Call of Duty: Warzone QA workers at Raven Software are unionizing

A group of quality assurance workers at Call of Duty: Warzone developer Raven Software has expressed its intent to unionize, they announced today.

The group is called the Game Workers Alliance and is asking its parent company, Activision Blizzard, to “voluntarily recognize the union” that has the support of the “supermajority” of Raven’s QA workers, according to a report by Polygon.

“Today, I am proud to join with a supermajority of my fellow workers to build our union, Game Workers Alliance (GWA),” Raven Software QA tester Becka Aigner said in a release. “In the video game industry, specifically Raven QA, people are passionate about their jobs and the content they are creating. We want to make sure that the passion from these workers is accurately reflected in our workplace and the content we make. Our union is how our collective voices can be heard by leadership.”

A number of Raven’s QA workers have been on strike since the beginning of December to push for changes in work conditions after Activision laid off numerous people within the department. The group posted a thread on Twitter outlining its principles, which include solidarity, sustainability, transparency, equity, and diversity.

“We ask that Activision Blizzard management respect Raven QA workers by voluntarily recognizing CWA’s representation without hesitation,” Communications Workers of America secretary-treasurer Sara Steffens said in a statement. “A collective bargaining agreement will give Raven QA employees a voice at work, improving the games they produce and making the company stronger. Voluntary recognition is the rational way forward.”

To call the past few months at Activision Blizzard tumultuous would be an understatement. After numerous harassment lawsuits against the company for its working conditions and now its sale to Microsoft for nearly $70 billion, there’s quite a bit of turnover within.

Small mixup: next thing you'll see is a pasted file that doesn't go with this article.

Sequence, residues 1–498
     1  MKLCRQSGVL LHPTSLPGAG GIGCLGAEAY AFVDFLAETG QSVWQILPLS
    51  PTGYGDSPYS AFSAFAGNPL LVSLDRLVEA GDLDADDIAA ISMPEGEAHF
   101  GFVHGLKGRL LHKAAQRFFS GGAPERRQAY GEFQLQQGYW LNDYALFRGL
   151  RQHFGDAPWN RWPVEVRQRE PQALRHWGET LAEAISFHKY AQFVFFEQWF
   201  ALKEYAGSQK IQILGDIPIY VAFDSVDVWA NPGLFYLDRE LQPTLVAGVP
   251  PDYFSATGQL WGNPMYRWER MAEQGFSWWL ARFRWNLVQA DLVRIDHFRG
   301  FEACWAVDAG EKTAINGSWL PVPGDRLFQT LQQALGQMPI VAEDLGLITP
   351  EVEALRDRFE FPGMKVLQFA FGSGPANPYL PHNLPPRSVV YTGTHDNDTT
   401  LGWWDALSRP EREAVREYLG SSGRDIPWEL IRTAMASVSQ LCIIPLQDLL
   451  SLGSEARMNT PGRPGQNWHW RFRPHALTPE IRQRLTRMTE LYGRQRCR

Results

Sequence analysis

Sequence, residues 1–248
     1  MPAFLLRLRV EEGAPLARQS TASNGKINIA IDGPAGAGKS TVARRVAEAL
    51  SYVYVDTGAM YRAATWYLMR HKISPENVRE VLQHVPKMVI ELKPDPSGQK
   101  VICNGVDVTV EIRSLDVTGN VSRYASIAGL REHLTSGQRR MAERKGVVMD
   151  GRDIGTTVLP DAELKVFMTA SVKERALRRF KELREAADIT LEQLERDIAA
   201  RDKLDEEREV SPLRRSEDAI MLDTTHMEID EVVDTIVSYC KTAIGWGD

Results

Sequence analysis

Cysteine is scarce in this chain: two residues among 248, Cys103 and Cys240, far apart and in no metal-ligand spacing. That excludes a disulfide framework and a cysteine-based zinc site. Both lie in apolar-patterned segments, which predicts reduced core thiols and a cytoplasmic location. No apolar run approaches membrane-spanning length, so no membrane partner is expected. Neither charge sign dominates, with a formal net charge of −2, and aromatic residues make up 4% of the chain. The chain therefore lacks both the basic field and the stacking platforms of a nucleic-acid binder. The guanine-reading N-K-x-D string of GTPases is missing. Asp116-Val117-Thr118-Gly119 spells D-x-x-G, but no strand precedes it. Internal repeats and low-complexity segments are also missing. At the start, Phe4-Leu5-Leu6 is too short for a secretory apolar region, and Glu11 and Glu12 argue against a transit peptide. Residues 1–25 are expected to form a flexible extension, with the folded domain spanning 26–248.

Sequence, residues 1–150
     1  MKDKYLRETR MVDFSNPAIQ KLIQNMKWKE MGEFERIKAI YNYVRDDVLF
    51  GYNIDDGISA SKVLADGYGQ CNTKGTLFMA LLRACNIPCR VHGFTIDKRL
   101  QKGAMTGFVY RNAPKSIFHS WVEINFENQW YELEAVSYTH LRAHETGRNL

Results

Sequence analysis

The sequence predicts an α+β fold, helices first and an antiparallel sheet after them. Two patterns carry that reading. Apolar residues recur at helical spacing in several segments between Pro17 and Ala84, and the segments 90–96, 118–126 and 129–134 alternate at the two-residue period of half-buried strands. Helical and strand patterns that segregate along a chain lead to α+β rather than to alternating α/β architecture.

Warzone, meanwhile, is suffering through a rough period of bugs and glitches that would normally fall on QA teams to find and fix, along with its ongoing cheater problem.

“We aim to work together with leadership to create a healthy and prosperous work environment for all people, to develop successful and sustainable products, and to support the enjoyment of our players,” the group said.

Call of Duty: Warzone QA workers at Raven Software are unionizing

A group of quality assurance workers at Call of Duty: Warzone developer Raven Software has expressed its intent to unionize, they announced today.

The group is called the Game Workers Alliance and is asking its parent company, Activision Blizzard, to “voluntarily recognize the union” that has the support of the “supermajority” of Raven’s QA workers, according to a report by Polygon.

“Today, I am proud to join with a supermajority of my fellow workers to build our union, Game Workers Alliance (GWA),” Raven Software QA tester Becka Aigner said in a release. “In the video game industry, specifically Raven QA, people are passionate about their jobs and the content they are creating. We want to make sure that the passion from these workers is accurately reflected in our workplace and the content we make. Our union is how our collective voices can be heard by leadership.”

A number of Raven’s QA workers have been on strike since the beginning of December to push for changes in work conditions after Activision laid off numerous people within the department. The group posted a thread on Twitter outlining its principles, which include solidarity, sustainability, transparency, equity, and diversity.

“We ask that Activision Blizzard management respect Raven QA workers by voluntarily recognizing CWA’s representation without hesitation,” Communications Workers of America secretary-treasurer Sara Steffens said in a statement. “A collective bargaining agreement will give Raven QA employees a voice at work, improving the games they produce and making the company stronger. Voluntary recognition is the rational way forward.”

To call the past few months at Activision Blizzard tumultuous would be an understatement. After numerous harassment lawsuits against the company for its working conditions and now its sale to Microsoft for nearly $70 billion, there’s quite a bit of turnover within.

Warzone, meanwhile, is suffering through a rough period of bugs and glitches that would normally fall on QA teams to find and fix, along with its ongoing cheater problem.

“We aim to work together with leadership to create a healthy and prosperous work environment for all people, to develop successful and sustainable products, and to support the enjoyment of our players,” the group said.